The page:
Over the two decades that Rose Muller has been working in school technology, the challenge of maintaining student and staff data security has grown beyond a level that IT departments alone can meet. The entire school community now needs to be enlisted in the effort to keep sensitive information safe, she says.
“The IT staff used to be able to police information security, making sure technologies were in place to protect the network infrastructure and enforcing access and password policies,” says Muller, the technology director of Bristol Warren Regional School District, which has six schools serving about 3,500 students in Bristol and Warren, R.I. “But as we implement more educational technology and services that gather sensitive data, we have to make sure that everybody in our community is aware of security issues for themselves and our children.”
One guide for the district’s efforts to maintain information security is the Data and Privacy Dashboard of the Future Ready Schools Framework created by the Alliance for Excellent Education. The FRS Framework is dedicated to helping schools use technology and data to improve education while ensuring the safety of sensitive data, says FRS Director of Innovation Thomas Murray. There are four elements to the Data and Privacy section of the framework, addressing how a district should build data and data systems; data policies, procedures and practices; data-informed decision-making; and data-literate education professionals.
Schools have to negotiate several layers of privacy regulations, starting with the Family Educational Rights and Privacy Act at the federal level and moving through state laws and local policies, says Murray — and the stakes are high for a false step.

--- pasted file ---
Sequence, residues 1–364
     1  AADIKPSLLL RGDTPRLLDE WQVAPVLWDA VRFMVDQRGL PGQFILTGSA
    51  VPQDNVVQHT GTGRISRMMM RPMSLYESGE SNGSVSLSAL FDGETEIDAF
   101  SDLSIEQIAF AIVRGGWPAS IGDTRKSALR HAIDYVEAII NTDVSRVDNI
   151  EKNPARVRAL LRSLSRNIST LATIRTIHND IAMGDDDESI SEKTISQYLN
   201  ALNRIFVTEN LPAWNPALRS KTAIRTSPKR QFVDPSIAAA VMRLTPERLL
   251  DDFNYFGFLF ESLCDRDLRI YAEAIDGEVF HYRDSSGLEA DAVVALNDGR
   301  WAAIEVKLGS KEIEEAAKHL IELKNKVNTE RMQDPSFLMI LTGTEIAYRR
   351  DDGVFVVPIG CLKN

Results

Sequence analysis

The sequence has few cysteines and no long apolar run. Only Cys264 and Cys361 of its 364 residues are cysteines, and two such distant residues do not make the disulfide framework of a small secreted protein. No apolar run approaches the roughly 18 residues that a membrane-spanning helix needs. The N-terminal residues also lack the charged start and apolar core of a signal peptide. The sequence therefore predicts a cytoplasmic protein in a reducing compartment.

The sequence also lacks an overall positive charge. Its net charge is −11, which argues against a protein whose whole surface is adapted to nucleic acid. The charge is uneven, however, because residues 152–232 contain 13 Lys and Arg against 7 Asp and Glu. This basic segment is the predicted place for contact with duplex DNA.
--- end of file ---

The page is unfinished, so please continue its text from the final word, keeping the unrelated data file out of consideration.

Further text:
“You can have all the right policies in place, and one error can put your district in the national news — and, more important, put student and staff information at risk,” Murray says.
While security technologies can reduce the risk of network intrusions from the outside, the security of sensitive information is largely dependent on human decisions. District officials need to understand the privacy laws and regulations that apply to them and put policies in place to comply with them. After that, the challenge is to match practice to policies by providing training for staff and having conversations with students about digital citizenship, including privacy protection, Murray says.
“Everyone in the school community has to be aware of what information can be shared and with whom, and administrators must know how all the information gathered is tracked and acted upon,” he says.
Bristol Warren follows industry-standard best practices to protect human resources and financial data as well as user privacy, and those practices receive regular outside audits, Muller says. Raising staff and student awareness in the less regulated arena of educational technologies is more complicated, especially as the district implements an expanding one-to-one program.
Privacy protection and digital citizenship are prominent professional development topics for the district’s teachers, who take the conversation back to students in their classrooms, says Director of Educational Technology Thomas Driscoll. Library media specialists also regularly present Common Sense Media’s K–12 Digital Citizenship Curriculum, which covers data privacy and cyberbullying but is not related to FRS.